Savvy investors continue to take steps to diversify their portfolios against global uncertainty. Many of these investors have come to recognize a pattern in the behavior of precious metals ahead of Federal Reserve meetings and look for buying opportunities, in the form of temporary price dips, to acquire more physical precious metals at a discount, to aid in diversification, before prices begin to rally after the markets sift through and absorb the latest Fed decision.

Remember that precious metals should always be viewed as a long-term investment and that the key to profitability through the ownership of physical precious metals is to actually acquire and own the physical products and to hold them for the long term. Always remember that you should never overextend your ability to maintain ownership of your precious metals over the long term.

Trading Department
Precious Metals International, Ltd.

Friday to Friday Close (New York Closing Prices)

Mar 9th2018 Mar 16th2018 Net Change
Gold $1323.50 $1313.50 (10.00) – 0.76%
Silver $16.63 $16.29 (0.34) – 2.04%
Platinum $964.50 $951.00 (13.50) – 1.40%
Palladium $994.00 $997.00 3.00 + 0.30%
Dow Jones 25335.74 24946.51 (389.23) – 1.54%

Previous year Comparisons

Mar. 17th2017 Mar 16th2018 Net Change
Gold $1231.10 $1313.50 82.40 + 6.69%
Silver $17.44 $16.29 (1.15) – 6.59%
Platinum $963.00 $951.00  (12.00) – 1.25%
Palladium $  778.50 $  997.00 218.50 + 28.07%
Dow Jones 20914.62 24946.51 4031.89 + 19.28%

Here are your Short Term Support and Resistance Levels for the upcoming week.

Gold Silver
Support 1300/1280/1260 16.30/16.15/16.00
Resistance 1320/1360/1380 16.42/16.65/16.80
Platinum Palladium
Support 940/910/890 990/960/930
Resistance 960/985/1000 1025/1070/1090
This is not a solicitation to purchase or sell.
© 2018, Precious Metals International, Ltd.

The Precious Metals Week in Review – March 9, 2018

The Precious Metals Week in Review - March 9, 2018
The Precious Metals Week in Review – March 9, 2018

1. Stocks remained volatile this week as uncertainty over details of the implementation of the Trump Administration’s recently announced tariffs on steel and aluminum trickled out. Shake-ups in the Trump White House staff also led to market jitters.

2. The seasonally adjusted number of Americans filing initial claims for state unemployment surged by 21,000 claims to a new level of 231,000 for the week ending March 3. The previous week’s level was unrevised. The four-week moving average of claims increased by 2,000 to a new level of 222,500 from the previous week’s average. Claims taking procedures in both the Virgin Islands and Puerto Rico have still not returned to their 2017 pre-hurricane norms.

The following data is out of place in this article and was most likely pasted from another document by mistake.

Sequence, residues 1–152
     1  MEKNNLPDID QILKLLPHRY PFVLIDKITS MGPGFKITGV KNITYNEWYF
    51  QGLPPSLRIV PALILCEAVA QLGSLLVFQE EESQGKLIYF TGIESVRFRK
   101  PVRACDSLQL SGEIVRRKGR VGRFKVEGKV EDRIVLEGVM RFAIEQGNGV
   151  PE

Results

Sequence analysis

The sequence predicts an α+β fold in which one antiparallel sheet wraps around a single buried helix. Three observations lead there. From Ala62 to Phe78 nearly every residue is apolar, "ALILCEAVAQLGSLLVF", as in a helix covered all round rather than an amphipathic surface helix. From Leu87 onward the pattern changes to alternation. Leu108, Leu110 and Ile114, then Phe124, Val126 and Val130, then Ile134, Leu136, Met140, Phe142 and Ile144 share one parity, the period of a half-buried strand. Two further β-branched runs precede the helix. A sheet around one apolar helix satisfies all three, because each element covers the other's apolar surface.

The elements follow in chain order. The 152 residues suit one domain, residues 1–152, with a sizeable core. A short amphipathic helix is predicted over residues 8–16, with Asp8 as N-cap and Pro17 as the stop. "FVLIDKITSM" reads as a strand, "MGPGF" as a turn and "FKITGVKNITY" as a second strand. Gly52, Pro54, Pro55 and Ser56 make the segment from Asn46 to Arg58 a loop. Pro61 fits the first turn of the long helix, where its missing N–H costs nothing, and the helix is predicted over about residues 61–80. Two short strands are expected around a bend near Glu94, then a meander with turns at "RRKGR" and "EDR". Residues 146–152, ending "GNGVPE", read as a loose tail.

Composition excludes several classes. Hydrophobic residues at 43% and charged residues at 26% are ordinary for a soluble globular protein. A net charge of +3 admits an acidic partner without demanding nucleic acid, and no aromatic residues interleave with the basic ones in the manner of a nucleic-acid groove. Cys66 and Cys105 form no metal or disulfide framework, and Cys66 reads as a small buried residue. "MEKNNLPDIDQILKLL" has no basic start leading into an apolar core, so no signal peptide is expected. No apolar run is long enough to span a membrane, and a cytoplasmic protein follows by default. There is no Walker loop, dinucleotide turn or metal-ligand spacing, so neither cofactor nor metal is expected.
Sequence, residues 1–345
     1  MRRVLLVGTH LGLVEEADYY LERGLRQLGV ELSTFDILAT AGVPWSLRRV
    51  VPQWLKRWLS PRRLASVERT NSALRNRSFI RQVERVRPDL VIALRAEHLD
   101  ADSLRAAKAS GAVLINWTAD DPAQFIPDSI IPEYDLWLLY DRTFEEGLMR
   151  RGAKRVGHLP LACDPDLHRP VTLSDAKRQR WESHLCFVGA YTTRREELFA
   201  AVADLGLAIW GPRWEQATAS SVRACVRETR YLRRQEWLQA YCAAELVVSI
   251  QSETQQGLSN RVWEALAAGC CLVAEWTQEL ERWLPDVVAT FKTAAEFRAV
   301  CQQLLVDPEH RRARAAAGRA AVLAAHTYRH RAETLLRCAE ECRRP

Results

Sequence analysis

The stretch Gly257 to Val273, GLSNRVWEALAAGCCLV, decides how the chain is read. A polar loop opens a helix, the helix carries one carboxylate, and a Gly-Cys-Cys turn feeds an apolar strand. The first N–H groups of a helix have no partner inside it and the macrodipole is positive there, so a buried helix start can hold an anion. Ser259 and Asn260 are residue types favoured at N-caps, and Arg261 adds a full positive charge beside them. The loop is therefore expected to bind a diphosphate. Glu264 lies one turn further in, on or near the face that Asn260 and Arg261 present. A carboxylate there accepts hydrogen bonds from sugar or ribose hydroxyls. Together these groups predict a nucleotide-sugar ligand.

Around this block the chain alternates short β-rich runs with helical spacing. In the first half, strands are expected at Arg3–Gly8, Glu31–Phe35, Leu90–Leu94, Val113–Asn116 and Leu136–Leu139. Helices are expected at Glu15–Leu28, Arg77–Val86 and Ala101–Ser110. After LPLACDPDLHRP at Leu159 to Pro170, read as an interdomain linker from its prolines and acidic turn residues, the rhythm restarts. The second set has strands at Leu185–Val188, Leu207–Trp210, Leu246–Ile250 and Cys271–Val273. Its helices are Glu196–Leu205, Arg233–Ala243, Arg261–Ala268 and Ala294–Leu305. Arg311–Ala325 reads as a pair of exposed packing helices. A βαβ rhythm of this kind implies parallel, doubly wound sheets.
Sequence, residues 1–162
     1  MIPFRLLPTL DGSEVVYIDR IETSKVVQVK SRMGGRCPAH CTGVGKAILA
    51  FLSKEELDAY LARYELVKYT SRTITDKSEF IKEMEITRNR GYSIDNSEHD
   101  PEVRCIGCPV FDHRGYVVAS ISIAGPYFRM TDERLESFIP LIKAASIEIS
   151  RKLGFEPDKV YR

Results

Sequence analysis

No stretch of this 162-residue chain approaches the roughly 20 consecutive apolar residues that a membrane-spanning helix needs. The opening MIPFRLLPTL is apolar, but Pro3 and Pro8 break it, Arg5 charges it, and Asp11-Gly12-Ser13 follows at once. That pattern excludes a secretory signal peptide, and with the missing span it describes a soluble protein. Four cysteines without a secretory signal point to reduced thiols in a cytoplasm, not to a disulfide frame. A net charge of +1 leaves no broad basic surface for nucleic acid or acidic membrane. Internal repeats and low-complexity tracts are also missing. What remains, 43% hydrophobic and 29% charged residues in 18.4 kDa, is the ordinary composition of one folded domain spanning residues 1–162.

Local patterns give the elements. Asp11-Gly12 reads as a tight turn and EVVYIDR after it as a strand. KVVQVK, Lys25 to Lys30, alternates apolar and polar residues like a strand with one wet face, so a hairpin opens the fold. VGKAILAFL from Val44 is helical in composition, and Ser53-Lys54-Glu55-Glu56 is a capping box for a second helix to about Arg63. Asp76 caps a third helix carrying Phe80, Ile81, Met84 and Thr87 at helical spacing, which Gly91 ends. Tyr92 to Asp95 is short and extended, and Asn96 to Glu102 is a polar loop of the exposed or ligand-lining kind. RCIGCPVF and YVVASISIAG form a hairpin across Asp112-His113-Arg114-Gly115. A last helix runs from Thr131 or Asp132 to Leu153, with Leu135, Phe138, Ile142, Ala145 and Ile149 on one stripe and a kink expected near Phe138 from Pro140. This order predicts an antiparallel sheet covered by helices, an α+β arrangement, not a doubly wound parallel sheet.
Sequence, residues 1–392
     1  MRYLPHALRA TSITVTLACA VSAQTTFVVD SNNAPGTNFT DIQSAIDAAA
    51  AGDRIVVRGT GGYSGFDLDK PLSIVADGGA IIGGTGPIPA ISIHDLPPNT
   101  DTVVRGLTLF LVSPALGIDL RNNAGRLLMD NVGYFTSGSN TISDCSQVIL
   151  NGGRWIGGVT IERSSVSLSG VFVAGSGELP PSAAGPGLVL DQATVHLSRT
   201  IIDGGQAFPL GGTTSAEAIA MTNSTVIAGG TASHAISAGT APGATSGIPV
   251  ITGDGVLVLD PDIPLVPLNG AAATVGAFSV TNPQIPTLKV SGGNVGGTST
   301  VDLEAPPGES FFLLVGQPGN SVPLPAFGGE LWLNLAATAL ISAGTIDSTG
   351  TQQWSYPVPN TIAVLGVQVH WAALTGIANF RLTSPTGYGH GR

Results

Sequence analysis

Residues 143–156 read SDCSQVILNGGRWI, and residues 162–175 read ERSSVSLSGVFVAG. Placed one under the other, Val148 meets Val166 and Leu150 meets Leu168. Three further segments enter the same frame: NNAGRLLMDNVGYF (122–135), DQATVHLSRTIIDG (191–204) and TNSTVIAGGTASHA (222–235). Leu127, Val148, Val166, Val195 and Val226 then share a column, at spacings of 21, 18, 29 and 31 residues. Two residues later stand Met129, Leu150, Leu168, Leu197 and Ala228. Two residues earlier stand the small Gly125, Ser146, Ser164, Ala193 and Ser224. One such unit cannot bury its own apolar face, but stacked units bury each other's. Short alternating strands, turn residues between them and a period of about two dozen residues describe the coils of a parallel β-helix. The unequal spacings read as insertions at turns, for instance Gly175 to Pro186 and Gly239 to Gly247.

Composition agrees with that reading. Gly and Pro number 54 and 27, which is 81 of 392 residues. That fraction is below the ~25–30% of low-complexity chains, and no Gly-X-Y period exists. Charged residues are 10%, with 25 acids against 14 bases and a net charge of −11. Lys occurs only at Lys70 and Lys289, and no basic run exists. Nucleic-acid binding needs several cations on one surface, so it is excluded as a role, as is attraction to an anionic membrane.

3. The Non-Farm Payrolls Report (NFP) for February was released on Friday and the job growth blew past economists’ expectations. According to the Labor Department report, the U.S. economy added 313,000 jobs in February while unemployment remained at 4.1 percent. Economists had expected payrolls to grow by 200,000 and a slight decline in the unemployment rate. The closely watched labor force participation rate finally saw a significant increase as the number of individuals counted as not participating in the workforce plunged by 653,000 to sit slightly above 95 million.

4. There has been much speculation recently that President Trump’s national security adviser, General H.R. McMaster, might vacate his post sometime this month. Gary Cohn, Trump’s top economic adviser, beat him to the exit this week when he announced his resignation. Rumors have been circulating for weeks that Cohn might exit due to growing friction with Trump and his administration. It appears that Trump’s drive to push ahead with steep tariffs on steel and aluminum imports into the U.S. was the proverbial “straw that broke the camel’s back”. Cohn was seen as a steady, stable and pro-trade presence in the Trump White House, and his departure leaves the future of the U.S.’ trade and economic policies uncertain.

5. President Trump’s trade tariffs continued to the primary news story this week. President Trump signed two proclamations this week that would place steep tariffs into effect, in 15 days’ time, on U.S. steel and aluminum imports. The proclamation exempted Canada and Mexico from the steep tariffs and allows for other nations to explain why they should not also be subject to the tariffs. The European Union weighed into the debate on Wednesday, when the European Commission announced it would raise import duties on U.S. bourbon, peanut butter, cranberries and orange juice if the U.S. moves ahead with its proposed tariffs on steel. The EU also said that it would take its case to the World Trade Organization (WTO) and coordinate with other global trading partners against the proposed U.S. tariffs. China’s commerce ministry said Friday that it “resolutely opposed” the tariffs on steel and aluminum. South Korea said it too may file a complaint to the WTO while Japan said the move would have a “big impact” on bilateral ties between it and the U.S.

6. In a sharp reversal from his usual belligerent stance against all things U.S.-related this week, North Korean leader Kim Jong Un extended an invitation to President Donald Trump to meet with him by May. The invitation was delivered in person by a South Korean envoy who met with Trump and national security officials at the White House on Thursday. Kim has also pledged that North Korea will “refrain from any further nuclear or missile tests” while talks are underway. U.S. Secretary of State Rex Tillerson said that the talks will take “some weeks to arrange” but that “President Trump has said for some time that he was open to talks and he would willingly meet with Kim when conditions were right. And I think in the president’s judgement that time has arrived now.”